(Concluded from Part 1, yesterday.)
How is culture studied? There isn’t room here to go over more than one perspective: Anthropologist Leslie White, in what was for me a ground-breaking study, (1) distinguished three ways of studying phenomena, cultural or otherwise.
- The historical/biographical/ethnographic, which is what I write on the blog; discrete events in discrete time, like a specific UFO sighting or me processing an individual vasana or core issue;
- The structural-functional, which is like a snapshot in time; the structure and its functions are removed from and frozen in time like a still photograph; and
- The evolutionary, the developmental history of a class of events through non-discrete time – the history of transportation in general, money, painting, etc.
Sometimes I give an overview, which is a snapshot in non-discrete time, a structural-functional view. I might stop the clock, or look at any and all relevant instances of, say, extraterrestrial contact or Ascension.
But usually I write in an ethnographic/biographical, often stream-of-consciousness, manner. That’s partly because I’m new to subjects like Disclosure, Abundance, and Ascension. It’s also because the subjects themselves are new so we don’t have a widely-disseminated, widely-known literature on any of them.
Biographical studies come first; structural studies, second; and evolutionary studies, third.
Ethnographic/biographical studies yield data; structural-functional studies analyze it; evolutionary or developmental studies trace large trends. They make a movie out of the many structural-functional photographs. (2)
Following this ladder of research is how we study a phenomenon like culture. (3)
We can see right now how all is chaos and mayhem outside. All appears to be in breakdown, but we’re told that only the transient darkness will go; the eternal Light and Love will endure. For us that means ascend after the Time of Separation that we’re either in or near.
In order to live together amicably afterwards, I predict that we’ll translate the enduring qualities of Light and Love into a mutually-shared and agreeable global culture.
That’s the heart of the matter for me. We’re building, not a national culture, not an ethnic culture, but a planetary culture.
We’ll build it out of charters, laws, norms, traditions, trends, and other society-wide agreements, disseminated by an uncorrupted media. Our test in these efforts can be no other than: Is it of love?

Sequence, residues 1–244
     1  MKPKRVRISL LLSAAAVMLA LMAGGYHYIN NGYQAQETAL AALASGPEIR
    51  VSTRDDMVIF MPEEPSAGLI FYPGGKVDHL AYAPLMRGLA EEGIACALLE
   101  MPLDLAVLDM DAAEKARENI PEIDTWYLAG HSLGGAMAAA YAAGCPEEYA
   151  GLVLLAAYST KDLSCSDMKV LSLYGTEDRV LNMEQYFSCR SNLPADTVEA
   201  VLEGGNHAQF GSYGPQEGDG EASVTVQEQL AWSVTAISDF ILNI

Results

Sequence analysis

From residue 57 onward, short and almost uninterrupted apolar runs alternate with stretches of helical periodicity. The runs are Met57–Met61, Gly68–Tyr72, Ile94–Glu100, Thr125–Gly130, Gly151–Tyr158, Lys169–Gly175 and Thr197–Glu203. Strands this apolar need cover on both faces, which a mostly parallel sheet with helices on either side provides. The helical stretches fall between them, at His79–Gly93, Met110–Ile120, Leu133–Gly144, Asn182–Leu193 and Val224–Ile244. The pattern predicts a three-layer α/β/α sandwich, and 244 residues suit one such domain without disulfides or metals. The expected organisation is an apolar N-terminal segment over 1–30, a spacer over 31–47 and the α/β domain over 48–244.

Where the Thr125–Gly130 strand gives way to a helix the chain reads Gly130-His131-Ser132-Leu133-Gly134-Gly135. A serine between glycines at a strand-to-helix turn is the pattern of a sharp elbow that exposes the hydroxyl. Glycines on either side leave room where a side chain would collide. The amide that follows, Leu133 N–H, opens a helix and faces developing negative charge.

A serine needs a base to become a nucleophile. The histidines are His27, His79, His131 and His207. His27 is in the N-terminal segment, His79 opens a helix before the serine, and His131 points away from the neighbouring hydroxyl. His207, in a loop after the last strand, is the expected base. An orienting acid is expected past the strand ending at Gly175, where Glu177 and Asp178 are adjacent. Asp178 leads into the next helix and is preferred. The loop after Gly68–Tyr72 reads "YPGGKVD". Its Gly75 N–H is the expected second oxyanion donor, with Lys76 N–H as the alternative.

Those ways of being which are most successful in promoting harmony will hopefully be the ones to catch on globally; others may not have the fuel to make it.
An example would be the bow, traditional in Japan, India, and other places. Covid-19 makes a bow more attractive than a handshake now. This is an example of how what we learn from Covid can be used for divine rather than corrupt purposes.
If it caught on globally, that would see the creation of one element in a global culture, something we all do and know. We could make that our first global convention, coming out of Covid.
I’m not talking about turning everyone into an identical robot. I’m talking about arriving at some helpful, shared ways of being, enough of them that we all feel comfortable with each other, some Gaian ways of doing things rather than eastern and western, etc.
In Fifth Dimension, none of this will be necessary. But in the meantime we’re burning down city districts. We need to think, feel, and act globally now to stop this global descent into violence (knowing full well that it’s destined to stop).
Maybe one decade, two decades ago, I remember thinking that the Divine Mother was putting the human race in the blender. Large numbers of people were on the move and the characters of some countries were changing. All of it seemed to be by design.
And now here we are, so interspersed that the idea of a global culture, combined with the reach of social media, suddenly becomes plausible – and possible.
(1) Leslie White, The Science of Culture. Farrar, Straus and Giroux, 1969; c1949.
(2) I’m talking about structural functionalism as a point of view and not about the school known as Structural Functionalism.
(3) The data then enter my databases; it becomes formed into articles; and the articles become gathered into books. We created culture; studied it; and disseminated it, which in itself is part of the forming of the culture.